Pro-gun crowd quiet on liberty issues

Bradcoe’s assertion that liberty depends on easy access to firearms echoes a political theory almost as old as the U.S. Constitution itself.

To the editor:

Re: Jack Bradcoe’s recent letter in the Capital News (Jan. 15) headlined  The Need to be Ready for In-house Tyranny.

Bradcoe’s assertion that liberty depends on easy access to firearms echoes a political theory almost as old as the U.S. Constitution itself.

But research on the subject quickly shows that his argument is entirely without merit.

Comparison with other democracies in western Europe and east Asia reveals a good number of systems much less corrupted than the U.S.

None of the other advanced industrial democracies are in any danger of becoming tyrannies, despite their tight gun regulations. Liberties are not lost through martial law and open “unscrupulous authoritative aggression” by governments, as Bradcoe put it, but rather through gradual erosion—undermining the principle of presumption of innocence, invasion in private affairs, election fraud, etc.

Civil rights activists will be able to point to a number of such troubling changes in our country and abroad. But gun advocates, self-declared guardians of our liberties, do nothing about it—unless their gun privileges are affected. Did gun owners voice protests when several hundred peaceful demonstrators were illegally detained in Toronto during the G20 meetings?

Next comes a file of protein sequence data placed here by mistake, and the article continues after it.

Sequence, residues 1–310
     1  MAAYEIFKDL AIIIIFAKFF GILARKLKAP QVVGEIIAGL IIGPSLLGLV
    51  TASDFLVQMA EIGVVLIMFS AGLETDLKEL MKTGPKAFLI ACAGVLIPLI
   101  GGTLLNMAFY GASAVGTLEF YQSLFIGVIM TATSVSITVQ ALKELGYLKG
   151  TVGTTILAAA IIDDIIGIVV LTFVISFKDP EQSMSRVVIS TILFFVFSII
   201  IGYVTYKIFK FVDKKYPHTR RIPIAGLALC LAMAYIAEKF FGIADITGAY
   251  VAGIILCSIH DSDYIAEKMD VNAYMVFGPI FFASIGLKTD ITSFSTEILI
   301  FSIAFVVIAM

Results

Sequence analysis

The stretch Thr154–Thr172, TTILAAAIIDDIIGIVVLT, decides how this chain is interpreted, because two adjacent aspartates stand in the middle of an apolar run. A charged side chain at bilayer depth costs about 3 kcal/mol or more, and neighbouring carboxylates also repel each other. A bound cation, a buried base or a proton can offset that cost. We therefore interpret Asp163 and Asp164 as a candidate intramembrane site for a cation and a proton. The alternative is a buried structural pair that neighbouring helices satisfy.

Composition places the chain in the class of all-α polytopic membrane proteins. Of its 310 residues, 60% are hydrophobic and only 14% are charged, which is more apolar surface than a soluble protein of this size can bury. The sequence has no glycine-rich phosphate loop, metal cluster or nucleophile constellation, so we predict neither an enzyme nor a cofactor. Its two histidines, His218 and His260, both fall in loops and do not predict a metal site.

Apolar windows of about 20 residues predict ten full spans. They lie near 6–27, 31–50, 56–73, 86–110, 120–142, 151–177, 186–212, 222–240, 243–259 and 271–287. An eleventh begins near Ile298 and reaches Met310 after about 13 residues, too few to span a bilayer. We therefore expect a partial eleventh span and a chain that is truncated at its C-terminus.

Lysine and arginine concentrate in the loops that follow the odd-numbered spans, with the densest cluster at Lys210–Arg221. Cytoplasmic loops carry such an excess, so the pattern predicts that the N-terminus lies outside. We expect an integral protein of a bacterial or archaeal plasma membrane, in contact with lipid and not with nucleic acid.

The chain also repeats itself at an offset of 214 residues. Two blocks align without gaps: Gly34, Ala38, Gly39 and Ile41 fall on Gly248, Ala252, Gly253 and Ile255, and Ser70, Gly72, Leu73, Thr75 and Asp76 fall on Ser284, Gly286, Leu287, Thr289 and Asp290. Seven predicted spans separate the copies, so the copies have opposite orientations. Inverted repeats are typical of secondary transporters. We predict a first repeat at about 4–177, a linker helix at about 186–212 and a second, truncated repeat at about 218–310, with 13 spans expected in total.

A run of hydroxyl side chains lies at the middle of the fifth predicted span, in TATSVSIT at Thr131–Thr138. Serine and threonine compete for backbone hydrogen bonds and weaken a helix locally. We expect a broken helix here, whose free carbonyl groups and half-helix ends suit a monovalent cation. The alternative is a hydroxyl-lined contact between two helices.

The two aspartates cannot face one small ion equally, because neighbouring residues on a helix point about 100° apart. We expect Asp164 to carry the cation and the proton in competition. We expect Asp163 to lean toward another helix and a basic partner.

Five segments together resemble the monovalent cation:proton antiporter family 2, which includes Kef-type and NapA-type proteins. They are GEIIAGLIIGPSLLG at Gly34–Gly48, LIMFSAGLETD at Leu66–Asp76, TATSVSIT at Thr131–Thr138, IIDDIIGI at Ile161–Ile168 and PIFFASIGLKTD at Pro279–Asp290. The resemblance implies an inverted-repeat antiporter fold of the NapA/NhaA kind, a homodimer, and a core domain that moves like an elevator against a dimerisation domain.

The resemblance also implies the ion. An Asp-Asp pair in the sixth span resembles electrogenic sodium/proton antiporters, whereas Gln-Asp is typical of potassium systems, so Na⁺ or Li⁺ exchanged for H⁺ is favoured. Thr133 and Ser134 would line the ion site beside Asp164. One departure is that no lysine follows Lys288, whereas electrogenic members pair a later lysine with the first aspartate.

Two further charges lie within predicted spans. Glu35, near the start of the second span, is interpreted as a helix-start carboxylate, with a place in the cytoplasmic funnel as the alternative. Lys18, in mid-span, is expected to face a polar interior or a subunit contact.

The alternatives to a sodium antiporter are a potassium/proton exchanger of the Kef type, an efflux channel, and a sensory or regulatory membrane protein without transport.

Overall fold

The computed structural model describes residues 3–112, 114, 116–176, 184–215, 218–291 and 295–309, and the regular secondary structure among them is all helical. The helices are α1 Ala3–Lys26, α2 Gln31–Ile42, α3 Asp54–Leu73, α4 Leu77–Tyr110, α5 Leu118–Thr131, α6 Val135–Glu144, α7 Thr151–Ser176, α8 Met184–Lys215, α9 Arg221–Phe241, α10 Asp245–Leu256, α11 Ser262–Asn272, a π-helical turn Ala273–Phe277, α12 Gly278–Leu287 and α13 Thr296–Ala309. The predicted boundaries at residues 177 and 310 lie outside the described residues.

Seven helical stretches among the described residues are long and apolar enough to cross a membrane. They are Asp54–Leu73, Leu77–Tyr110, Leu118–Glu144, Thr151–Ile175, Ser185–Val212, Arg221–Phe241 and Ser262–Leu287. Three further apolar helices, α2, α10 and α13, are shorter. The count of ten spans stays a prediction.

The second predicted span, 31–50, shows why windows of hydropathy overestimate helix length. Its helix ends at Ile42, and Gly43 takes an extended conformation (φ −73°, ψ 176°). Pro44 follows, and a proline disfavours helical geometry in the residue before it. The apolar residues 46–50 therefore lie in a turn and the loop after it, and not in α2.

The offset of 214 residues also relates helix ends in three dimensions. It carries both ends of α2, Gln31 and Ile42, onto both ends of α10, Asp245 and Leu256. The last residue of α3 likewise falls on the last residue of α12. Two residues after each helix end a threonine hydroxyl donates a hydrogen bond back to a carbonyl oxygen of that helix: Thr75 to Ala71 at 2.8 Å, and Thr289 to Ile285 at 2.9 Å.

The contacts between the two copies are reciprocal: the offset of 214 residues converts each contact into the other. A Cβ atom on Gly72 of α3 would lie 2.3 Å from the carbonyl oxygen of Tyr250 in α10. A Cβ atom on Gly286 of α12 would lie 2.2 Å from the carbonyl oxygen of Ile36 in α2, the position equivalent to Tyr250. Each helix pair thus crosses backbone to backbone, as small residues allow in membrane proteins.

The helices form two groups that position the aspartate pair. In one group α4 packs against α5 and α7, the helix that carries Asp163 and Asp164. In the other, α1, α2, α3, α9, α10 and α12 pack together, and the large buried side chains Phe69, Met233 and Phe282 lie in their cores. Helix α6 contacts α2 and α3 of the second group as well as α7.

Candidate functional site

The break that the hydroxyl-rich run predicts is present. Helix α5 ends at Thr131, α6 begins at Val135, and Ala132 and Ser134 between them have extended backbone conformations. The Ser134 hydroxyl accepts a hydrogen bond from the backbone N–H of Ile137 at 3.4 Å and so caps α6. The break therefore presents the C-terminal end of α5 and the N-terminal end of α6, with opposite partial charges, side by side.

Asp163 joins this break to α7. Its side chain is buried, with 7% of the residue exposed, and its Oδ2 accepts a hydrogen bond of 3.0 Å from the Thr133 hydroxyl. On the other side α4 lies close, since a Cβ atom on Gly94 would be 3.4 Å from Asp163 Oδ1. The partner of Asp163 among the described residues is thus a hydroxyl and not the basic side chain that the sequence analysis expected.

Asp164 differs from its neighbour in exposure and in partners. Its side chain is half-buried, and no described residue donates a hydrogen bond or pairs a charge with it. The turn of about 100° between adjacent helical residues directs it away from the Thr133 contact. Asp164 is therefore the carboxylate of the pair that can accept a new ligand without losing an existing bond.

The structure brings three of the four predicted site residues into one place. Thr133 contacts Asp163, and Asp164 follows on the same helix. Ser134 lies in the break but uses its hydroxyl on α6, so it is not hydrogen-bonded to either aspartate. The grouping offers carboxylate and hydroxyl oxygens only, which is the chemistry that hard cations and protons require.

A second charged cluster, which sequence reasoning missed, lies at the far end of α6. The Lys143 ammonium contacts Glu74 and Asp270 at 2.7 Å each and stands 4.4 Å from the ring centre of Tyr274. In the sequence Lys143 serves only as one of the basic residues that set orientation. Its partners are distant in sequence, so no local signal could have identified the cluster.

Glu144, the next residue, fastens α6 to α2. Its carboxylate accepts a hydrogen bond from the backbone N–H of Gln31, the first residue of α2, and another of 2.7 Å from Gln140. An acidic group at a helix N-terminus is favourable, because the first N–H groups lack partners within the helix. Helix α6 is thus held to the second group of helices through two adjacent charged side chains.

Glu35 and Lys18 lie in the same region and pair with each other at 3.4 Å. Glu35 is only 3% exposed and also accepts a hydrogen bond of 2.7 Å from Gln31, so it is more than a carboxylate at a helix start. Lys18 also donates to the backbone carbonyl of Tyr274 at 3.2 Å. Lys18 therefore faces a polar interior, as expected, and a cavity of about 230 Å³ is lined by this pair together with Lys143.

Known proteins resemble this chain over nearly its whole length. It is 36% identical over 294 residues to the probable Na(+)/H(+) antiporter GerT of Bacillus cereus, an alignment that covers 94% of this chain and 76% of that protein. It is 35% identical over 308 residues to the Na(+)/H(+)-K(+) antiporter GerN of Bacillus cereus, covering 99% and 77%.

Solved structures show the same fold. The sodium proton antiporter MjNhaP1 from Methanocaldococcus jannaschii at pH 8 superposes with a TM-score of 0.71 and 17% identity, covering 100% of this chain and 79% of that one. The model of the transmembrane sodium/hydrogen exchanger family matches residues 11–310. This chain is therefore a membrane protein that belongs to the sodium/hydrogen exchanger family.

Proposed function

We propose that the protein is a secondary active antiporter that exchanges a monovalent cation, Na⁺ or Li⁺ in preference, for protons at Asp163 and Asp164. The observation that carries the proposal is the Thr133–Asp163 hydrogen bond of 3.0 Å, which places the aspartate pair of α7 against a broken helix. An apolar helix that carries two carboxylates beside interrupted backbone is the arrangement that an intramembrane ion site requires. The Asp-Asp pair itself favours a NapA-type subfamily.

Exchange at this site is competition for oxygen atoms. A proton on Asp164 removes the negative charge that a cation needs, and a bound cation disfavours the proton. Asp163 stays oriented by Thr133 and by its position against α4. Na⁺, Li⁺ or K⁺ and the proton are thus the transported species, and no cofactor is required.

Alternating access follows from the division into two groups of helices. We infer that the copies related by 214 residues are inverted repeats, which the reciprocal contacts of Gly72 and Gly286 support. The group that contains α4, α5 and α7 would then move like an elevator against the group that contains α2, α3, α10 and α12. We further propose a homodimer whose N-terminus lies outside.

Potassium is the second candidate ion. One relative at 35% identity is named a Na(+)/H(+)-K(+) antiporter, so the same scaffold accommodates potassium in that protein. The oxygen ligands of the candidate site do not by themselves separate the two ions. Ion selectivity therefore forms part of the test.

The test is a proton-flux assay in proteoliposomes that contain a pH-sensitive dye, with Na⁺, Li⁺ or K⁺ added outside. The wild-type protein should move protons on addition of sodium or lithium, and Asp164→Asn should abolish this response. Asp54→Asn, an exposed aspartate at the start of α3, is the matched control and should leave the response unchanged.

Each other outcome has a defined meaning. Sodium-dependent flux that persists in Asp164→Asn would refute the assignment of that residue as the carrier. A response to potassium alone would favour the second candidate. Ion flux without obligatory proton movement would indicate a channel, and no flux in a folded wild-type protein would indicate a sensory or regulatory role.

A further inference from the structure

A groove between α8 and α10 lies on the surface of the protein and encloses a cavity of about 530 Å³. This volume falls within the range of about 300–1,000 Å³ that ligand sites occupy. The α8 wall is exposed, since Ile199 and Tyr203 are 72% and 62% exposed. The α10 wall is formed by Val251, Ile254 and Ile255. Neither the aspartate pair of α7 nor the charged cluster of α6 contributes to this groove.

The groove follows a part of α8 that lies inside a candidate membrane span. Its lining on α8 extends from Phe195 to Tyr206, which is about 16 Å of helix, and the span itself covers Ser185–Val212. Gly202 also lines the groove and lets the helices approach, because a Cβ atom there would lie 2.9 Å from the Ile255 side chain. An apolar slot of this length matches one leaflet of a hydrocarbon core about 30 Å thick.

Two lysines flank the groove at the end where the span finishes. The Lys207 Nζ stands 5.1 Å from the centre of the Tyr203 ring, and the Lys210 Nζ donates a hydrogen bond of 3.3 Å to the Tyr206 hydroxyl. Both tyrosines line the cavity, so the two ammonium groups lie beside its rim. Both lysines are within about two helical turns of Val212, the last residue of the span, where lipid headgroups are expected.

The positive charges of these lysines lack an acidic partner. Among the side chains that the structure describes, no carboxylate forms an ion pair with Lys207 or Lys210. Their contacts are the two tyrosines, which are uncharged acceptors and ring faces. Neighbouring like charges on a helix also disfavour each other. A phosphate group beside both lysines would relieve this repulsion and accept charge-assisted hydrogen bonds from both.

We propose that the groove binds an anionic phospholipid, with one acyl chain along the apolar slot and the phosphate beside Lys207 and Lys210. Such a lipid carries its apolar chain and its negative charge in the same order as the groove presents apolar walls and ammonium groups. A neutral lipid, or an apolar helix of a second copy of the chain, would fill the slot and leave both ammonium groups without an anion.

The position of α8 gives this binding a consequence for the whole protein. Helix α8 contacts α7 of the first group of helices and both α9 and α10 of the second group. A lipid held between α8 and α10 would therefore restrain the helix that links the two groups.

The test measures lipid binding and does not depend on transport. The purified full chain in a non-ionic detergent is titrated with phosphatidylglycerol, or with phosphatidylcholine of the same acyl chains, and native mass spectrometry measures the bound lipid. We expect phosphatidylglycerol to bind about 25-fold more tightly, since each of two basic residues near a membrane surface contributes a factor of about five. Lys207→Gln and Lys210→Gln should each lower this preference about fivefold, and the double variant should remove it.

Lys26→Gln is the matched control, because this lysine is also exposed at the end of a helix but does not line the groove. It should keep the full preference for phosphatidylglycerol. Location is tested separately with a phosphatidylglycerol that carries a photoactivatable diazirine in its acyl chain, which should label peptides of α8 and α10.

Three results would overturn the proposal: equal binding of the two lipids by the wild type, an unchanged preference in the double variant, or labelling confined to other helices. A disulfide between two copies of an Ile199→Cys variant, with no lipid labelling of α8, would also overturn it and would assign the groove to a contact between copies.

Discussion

Ironically, in such cases we will likely find gun owners actually siding with the government of the day. A tyrannical government comes knocking not wielding guns, but instead carrying the law. And gun owners don’t oppose them, but instead invite them in.

And a final point—the argument that liberty depends on easy access to firearms implies that effective opposition to a tyranny is not possible unless citizens are armed.

That claim is nonsense because it ignores the fact that many of the revolutions during the latter part of the 20th century were entirely peaceful—East Germany and the fall of the Berlin Wall, Bulgarian revolution or the Velvet Revolution in Czechoslovakia, all in 1989. If arguments of gun rights advocates had any merit, those revolutions would not have been possible without armed revolutionaries.

Jens Gessner, Kelowna




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